The voltage distribution factor must be indicated by the manufacturer in order to calculate the
TRV (transient recovery voltage) values in half-pole tests. The voltage distribution factor
depends on:
how many interrupting chambers are included in the test, and which ones;
whether a central connection is present;
the bushings where the voltage is connected; and
whether a combination of several synthetic circuits is used. In this case, different
voltage distribution factors must be respected for the individual partial voltages.
The voltage distribution factor for an interrupting chamber with a voltage stress on one side is
8.6 % ('worst case').
For half-pole tests, the TRV level corresponds to the level for tests on 550 kV circuit
breakers. Synthetic systems are not generally optimized for these tests. In particular, the
relatively flat rate of rise of TRV (RRRV) as compared to 550 kV is difficult to reach. The
implementable RRRV causes higher dielectric stress after the short-circuit interruption in
some cases (Figure 12).
13

voltage [kV]

1000

750

500
requirement half pole test

250

prospective TRV
0
0

500

1000

1500

2000

time [us]

Figure 12
1100 kV Circuit breaker at the XIHARI power test site. Left: Experimental setup. Right: Required and prospective TRV for terminal fault, T100s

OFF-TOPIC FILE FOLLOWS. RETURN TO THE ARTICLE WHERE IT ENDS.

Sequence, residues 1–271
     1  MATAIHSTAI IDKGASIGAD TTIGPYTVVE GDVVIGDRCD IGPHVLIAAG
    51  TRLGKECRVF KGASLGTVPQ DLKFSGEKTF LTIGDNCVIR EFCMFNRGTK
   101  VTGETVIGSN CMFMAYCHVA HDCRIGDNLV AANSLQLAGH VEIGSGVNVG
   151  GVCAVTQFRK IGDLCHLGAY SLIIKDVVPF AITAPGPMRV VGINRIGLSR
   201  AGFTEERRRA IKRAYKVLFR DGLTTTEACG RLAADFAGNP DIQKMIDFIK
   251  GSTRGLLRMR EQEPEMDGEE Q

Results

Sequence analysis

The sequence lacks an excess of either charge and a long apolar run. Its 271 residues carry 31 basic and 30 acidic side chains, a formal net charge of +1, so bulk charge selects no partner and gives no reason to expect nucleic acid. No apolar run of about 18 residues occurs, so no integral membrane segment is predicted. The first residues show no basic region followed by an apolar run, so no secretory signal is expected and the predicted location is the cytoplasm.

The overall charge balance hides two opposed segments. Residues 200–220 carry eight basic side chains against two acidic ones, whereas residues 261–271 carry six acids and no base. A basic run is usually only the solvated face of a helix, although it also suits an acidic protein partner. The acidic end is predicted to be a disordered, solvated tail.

Likewise, no test equipment is available for short-circuit making with full voltage (T100s(a)).
The following methods are possible in order to perform the making operations without or with
synthetic closing circuits for 550 kV:
(A)
With the ignition wire method, a wire is fitted on a contact. The length of the wire
corresponds to the expected pre-arcing distance. This method is no longer permitted
according to IEC 62271-100. Before starting the test, it is necessary to determine the
pre-strike characteristic and to install the ignition wire.
(B)
Two interrupting chambers are solidly short-circuited. The drive load is less during
making operation. After the test, the short-circuit must be removed.
(C)
Two interrupting chambers are short-circuited via an ignition wire. The pre-ignition
wire vaporizes during the closing operation. The pre-arcing distance can be respected.